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I have to say, my rust prints are very rusty.  For a couple of days nothing seems to happen, then there is more rust than I would like the next day.  This is what I mean.  This is the other side of the paper above – and the leaf print is very black!

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The top sheet of paper here has some lovely, abstract detail.

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This was an exciting outcome for me.  I just love this process.  Many thanks to Faye and Dave Marshall for providing the leaves.

Steam and Solar Dyes – New Zealand Plants

In this post I collect together the New Zealand plants I have recently used in steam and solar dyeing.

Hebe species.  Steamed bundles

Hebe-plant

Hebe flowers and leaves were laid out on opposite sides of two silk bundles, with hebe twigs for the core. After steaming the leaves produced yellow and the flowers a mix of blue and a grey-pink-brown as is shown in the smaller bundle below.  Although as the silk used was already dyed a pale ‘salmon pink’, this background colour does not look very pink in the photograph…

Hebe small silk

Good colours, but not much definition of leaf or flower shape, and I still had the heat too high causing damage to the silk as you can see at the top the image above.  The photograph below shows part of the larger piece of dyed white silk.

Hebe-large-silk

Beech Leaves – Nothofagus species.  Solar dye

Nothofagus

I placed the leaves in water in a large jar.  No colour emerged, so  I decided to simmer the leaves, but unfortunately damaged them by letting the water in the pot dry out…

In 1849, when the British settlement of Canterbury started in earnest, the area named Oxford  by the early surveyors was covered by a large forest – Harewood Forest, which has been described as ‘the most magnificent stand of virgin bush in Canterbury and unique because of its variety.  It originally covered 56,000 acres [22,662.40  ha] and was the magnet which attracted the sawmilling community from which the present town grew’  (Oliver A Gillespie, Oxford, the first hundred years).  The forest  was logged for timber for the growing settlement around Christchurch and was nearly destroyed in 1898 by a fire which swept through the area, fanned by the strong winds that occur in Canterbury.  The last sawmill closed in 1912.

I will repeat the solar dye at some point, as I am lucky enough to have these trees growing in the garden.  There are still clumps of the forest remaining close by – and we find seeds from these oases arrive via the birds and grow well in the undisturbed parts of the garden.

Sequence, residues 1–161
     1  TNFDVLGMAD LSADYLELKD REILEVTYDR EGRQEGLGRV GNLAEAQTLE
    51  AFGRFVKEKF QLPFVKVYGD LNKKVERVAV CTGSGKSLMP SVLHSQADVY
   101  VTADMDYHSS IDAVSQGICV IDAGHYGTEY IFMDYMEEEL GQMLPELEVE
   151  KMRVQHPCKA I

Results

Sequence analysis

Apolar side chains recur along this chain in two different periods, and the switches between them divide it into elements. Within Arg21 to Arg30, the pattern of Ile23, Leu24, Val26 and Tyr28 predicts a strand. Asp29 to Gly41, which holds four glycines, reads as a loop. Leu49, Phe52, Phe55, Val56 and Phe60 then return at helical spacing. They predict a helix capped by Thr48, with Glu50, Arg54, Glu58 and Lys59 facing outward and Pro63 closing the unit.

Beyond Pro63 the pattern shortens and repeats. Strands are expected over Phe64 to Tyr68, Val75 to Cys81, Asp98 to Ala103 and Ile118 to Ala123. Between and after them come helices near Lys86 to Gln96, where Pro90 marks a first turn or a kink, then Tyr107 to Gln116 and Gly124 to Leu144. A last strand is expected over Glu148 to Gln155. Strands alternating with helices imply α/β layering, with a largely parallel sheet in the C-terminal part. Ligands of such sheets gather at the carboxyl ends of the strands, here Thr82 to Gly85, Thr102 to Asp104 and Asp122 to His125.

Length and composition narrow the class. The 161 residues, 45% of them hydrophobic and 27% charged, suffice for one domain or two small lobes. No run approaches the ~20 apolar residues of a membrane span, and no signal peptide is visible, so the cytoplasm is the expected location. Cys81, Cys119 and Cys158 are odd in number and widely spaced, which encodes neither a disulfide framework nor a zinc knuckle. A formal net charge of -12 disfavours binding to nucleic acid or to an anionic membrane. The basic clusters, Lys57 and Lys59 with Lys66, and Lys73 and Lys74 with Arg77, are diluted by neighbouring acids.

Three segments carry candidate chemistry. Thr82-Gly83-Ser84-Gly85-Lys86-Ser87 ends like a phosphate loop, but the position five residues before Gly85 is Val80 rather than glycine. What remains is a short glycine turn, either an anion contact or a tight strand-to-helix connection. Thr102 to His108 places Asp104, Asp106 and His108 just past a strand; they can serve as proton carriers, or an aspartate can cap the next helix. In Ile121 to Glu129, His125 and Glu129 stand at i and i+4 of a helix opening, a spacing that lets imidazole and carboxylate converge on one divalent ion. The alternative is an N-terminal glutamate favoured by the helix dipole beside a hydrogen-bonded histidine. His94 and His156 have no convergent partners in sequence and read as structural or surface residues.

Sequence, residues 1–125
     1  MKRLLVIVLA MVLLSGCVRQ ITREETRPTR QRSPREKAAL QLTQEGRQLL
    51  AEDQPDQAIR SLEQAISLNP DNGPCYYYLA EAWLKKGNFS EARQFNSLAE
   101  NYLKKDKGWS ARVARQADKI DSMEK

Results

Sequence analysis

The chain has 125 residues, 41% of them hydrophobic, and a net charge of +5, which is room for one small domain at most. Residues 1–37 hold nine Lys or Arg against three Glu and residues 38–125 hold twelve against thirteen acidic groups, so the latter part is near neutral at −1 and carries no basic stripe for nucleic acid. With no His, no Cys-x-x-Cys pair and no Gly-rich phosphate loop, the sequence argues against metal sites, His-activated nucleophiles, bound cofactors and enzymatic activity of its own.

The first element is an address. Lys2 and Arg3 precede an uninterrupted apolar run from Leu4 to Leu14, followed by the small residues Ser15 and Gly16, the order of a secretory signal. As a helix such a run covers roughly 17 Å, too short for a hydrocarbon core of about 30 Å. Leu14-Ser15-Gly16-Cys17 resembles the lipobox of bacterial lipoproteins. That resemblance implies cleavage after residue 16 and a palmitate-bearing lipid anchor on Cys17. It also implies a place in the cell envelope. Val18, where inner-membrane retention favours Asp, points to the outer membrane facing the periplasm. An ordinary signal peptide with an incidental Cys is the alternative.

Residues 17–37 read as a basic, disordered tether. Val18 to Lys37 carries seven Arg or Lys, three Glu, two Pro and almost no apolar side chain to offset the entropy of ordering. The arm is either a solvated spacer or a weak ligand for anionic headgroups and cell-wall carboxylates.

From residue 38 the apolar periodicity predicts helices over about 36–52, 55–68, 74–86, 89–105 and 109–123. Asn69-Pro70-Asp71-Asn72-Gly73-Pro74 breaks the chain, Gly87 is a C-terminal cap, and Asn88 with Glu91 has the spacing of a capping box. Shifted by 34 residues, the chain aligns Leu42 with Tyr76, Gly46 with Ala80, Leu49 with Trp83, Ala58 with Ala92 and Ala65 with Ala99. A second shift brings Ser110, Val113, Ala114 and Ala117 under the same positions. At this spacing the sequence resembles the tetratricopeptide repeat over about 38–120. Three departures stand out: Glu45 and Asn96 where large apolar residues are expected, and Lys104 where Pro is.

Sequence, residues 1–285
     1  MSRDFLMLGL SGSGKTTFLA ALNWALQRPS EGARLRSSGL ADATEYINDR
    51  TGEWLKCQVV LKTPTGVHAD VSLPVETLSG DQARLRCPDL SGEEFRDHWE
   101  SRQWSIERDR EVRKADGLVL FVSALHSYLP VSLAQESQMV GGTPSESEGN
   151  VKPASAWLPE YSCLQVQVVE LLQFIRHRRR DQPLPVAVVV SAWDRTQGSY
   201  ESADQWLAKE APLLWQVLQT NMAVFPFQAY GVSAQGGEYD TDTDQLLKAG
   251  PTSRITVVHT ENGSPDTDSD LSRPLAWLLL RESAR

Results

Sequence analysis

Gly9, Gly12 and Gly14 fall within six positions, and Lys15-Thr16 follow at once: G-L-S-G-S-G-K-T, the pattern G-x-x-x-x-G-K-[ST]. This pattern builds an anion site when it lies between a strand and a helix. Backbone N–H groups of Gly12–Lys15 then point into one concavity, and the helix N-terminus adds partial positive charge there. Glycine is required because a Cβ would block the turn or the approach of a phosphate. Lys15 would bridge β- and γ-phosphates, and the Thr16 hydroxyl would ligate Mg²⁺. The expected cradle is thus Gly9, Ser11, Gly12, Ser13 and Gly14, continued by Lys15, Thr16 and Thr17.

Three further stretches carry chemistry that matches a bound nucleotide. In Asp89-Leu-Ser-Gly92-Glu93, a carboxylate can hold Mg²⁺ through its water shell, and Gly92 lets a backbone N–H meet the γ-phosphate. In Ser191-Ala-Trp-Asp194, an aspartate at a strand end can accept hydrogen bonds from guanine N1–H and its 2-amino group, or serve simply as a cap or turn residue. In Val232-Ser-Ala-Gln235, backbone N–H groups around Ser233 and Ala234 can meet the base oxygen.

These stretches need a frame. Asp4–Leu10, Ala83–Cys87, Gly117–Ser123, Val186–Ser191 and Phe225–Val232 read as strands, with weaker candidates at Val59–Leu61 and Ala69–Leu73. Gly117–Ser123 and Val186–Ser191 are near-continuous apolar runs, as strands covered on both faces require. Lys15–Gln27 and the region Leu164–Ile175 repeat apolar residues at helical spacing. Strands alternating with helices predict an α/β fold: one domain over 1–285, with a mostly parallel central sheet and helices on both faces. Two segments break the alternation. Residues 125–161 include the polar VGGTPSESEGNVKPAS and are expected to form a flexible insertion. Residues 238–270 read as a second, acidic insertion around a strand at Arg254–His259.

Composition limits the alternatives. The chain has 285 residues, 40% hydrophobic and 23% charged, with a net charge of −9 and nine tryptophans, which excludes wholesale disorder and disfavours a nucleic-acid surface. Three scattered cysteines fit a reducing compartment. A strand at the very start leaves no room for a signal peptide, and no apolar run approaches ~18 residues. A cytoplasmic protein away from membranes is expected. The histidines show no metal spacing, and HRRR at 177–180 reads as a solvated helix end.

Kapuka – Griselinia littoralis.  Solar dye

Griselinea

This tree is found in lowland and subalpine forest throughout New Zealand.  Griselinea has small flowers, which are green in the female and yellow in the male plants, and the berries are black when ripe.  For my test I used the green leaves which I cut up, and tied a knot in the alum pre-mordanted silk.  The berries are now on the trees, and ripen from March to June.

Griseliniesilksample

Wharariki, New Zealand Mountain or Coastal Flax Plant – Phormium cookianum.  

Steamed bundle and solar dye.

I think the flax plants in my garden are cultivars of P. cookianum.  The leaves have distinct colours – either green, yellow, pink and orange, or in combination, each plant being different.  The flowers are small and, characteristically for this plant, the seed pods hang downwards and are more or less twisted.  Our flax plants have not flowered yet this year so I wonder if they flower every year.  (See more details here :  <http://www.landcareresearch.co.nz/science/plants-animals-fungi/plants/ethnobotany/weaving-plants/information-sheets/harakeke-and-wharariki> )

This piece of silk started life as a steamed bundle containing a fallen Magnolia bud, but very little colour came from this (here the silk is still wet).  Taking this silk I  rolled up a new bundle containing just yellow flax leaf pieces and put it on to steam with the Hebe bundles mentioned above.  The vein down the centre of the flax leaf left a good red mark on the silk.

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P-cookianum-silk

Makomako or Wineberry – Aristotelia serrata.  Steamed bundle and solar dye

 The plant is found throughout New Zealand in lowland and subalpine forest, especially in clearings.  The solar dye liquid has a sweet, wine-like smell.

Aristotelia-serrata

Incorporated into a steam bundle of mixed flowers and leaves, were some Flax, Wineberry and Griselinea leaves, and Hebe flowers.  The Wineberry leaves gave a good imprint.  This is seen in the two images below.  The purple-grey marks are from the leaves which are thin and translucent.  (The pink in the background of the second  image below is from hollyhock flowers.)

wineberrybundle

Wineberry

The berries, which are edible, are red when mature and black when ripe.  I picked black berries and solar dyed the cotton shown below.  The colour of the dye is very strong.  This entry in my workbook is shared with a eucalyptus solar dye.

Wineberry-solar